The best person to ask this question is a Reproductive Endocrinologist or an OB/GYN that specializes in fertility.
As someone that has been through fertility treatments and have friends that have been as well, I can tell you some of the most common and effective treatments out there to help those of us suffering from infertility.
Clomid/Femara with Timed Intercourse (with or without HCG Trigger Shot) - This is the least involved treatment and is usually the first thing doctors will try, unless the testing you and your partner go through shows this is not an option. Basically, you will wait for your cycle to start and take the medication daily, usually either cycle days (CDs) 3–7 or 5–9. After taking the medication, you will have to monitor for signs of ovulation. Some doctors will have you use an at home ovulation test kit, which is basically just a bunch of test strips that can detect your LH. You will normally ovulate within 24–48 hours of the positive test. Other doctors may want to be a bit more precise, which means they will most likely have you come in on CD 12 for an ultrasound to check how your follicles have responded to the medication. If you have at least 1 or 2 mature follicles, they will give you instructions for when they feel you should have intercourse based on the ultrasound. If your doctor does decide to do ultrasound monitoring, many times they will have you use an HCG trigger shot, which will force your body to release the mature follicle(s) within 24–48 hours after taking it. On average it takes about 36 hours for trigger shot to work. Again, the doctor will instruct you on when to have intercourse.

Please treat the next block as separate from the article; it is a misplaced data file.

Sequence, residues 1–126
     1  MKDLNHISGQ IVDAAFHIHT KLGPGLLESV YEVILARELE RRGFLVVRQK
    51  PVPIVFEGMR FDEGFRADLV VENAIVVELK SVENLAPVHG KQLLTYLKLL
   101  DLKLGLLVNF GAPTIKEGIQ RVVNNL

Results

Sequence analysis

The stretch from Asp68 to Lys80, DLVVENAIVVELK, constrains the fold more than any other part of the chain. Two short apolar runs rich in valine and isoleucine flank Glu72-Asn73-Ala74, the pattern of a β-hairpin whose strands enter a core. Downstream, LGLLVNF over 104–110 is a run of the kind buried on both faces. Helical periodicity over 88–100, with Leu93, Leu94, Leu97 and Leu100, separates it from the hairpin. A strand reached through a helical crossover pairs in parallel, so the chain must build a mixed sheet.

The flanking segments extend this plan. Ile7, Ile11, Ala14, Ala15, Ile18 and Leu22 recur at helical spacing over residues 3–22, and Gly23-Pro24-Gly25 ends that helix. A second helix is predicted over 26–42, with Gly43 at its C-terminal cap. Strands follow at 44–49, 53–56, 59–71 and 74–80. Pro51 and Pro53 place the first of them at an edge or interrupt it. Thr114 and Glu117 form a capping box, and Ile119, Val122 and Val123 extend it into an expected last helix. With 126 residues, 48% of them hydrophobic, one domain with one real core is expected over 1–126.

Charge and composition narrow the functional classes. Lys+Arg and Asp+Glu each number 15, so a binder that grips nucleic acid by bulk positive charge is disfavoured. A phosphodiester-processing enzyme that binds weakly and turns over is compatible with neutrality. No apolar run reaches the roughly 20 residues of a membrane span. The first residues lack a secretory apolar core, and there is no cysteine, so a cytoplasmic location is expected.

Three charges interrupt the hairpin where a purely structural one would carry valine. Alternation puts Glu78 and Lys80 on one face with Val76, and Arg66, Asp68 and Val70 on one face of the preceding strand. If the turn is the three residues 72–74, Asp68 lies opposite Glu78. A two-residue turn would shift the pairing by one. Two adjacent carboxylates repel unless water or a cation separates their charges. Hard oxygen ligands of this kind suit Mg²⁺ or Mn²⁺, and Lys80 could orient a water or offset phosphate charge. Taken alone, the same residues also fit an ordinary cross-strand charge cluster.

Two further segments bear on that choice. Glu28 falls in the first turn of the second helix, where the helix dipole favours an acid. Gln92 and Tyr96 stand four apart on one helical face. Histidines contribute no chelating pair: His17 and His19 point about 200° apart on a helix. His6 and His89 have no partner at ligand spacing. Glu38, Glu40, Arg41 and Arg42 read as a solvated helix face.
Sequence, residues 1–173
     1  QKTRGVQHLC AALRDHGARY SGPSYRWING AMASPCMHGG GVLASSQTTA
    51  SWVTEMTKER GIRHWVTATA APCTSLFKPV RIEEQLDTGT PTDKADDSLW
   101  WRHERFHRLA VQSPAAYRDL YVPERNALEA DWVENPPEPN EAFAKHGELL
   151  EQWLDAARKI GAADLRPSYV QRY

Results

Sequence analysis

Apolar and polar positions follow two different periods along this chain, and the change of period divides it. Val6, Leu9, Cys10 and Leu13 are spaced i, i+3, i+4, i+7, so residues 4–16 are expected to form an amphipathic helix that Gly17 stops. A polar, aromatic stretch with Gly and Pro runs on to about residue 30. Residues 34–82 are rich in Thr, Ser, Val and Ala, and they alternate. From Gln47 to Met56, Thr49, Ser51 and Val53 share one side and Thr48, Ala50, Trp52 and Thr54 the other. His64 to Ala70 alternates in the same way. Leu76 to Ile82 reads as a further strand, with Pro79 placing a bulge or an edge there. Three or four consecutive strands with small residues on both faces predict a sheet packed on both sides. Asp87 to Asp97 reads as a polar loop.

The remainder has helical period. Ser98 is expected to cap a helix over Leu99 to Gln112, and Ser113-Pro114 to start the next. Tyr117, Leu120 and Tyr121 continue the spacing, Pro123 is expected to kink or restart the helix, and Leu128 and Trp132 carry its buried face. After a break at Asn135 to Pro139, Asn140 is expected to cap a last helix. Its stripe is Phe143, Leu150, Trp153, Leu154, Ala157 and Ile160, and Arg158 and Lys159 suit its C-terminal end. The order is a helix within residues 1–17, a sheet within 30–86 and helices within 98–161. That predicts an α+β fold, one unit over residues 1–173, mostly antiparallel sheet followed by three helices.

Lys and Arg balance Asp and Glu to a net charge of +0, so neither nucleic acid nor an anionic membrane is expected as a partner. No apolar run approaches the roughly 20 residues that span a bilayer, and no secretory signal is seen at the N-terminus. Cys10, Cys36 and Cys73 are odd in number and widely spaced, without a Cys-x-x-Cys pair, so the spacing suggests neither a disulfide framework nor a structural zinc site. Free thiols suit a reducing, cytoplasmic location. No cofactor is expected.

Clomid/Femara with IUI (with or without HCG Trigger Shot) - For a typical Intrauterine Insemination (IUI) cycle, you will take the same medications as a timed intercourse cycle, but you will be monitored by ultrasound for ovulation. Very few doctors will perform an IUI without a trigger shot. Once at least one of your follicles reach a specific measurement, the doctor will instruct you when to administer the trigger shot and will schedule your IUI for about 24–36 hours after the injection. At this point, you will arrive for the appointment with your partner. He will have to drop of his semen sample with the lab to be washed, concentrated, and placed in a syringe with a long, thin catheter attached. If you are using a sperm donor, your lab should already have the sample ready for you. When it's time for the procedure, you will go into the room and prepare as you would for a Pap smear. They will insert a speculum and then thread the catheter through your cervix. At this point they will flush the prepared sperm sample from the syringe and into your uterus. Normally you will be asked to lay still on your back for 5–15 minutes. Afterwards, you are free to go about life as usual. You may be encouraged to have intercourse the following day or two as well.
Injectables with IUI - Many doctors don't offer this option, but if they do, instead of taking an oral medication like Clomid or Femara, you will have multiple medications that will have to be given by injection one or more times a day. Other than that, the procedure is done the exact same way as described in the description above.
In Vitro Fertilization - Due to the complexity and many different options that can be involved with In Vitro Fertilization (IVF), I have included the following link to explain it in more detail. In Vitro Fertilization (IVF): Side Effects and Risks: http://americanpregnancy.org/infertility/in-vitro-fertilization/
Hopefully this gives you a little more insight into some of the most effective treatments for infertility!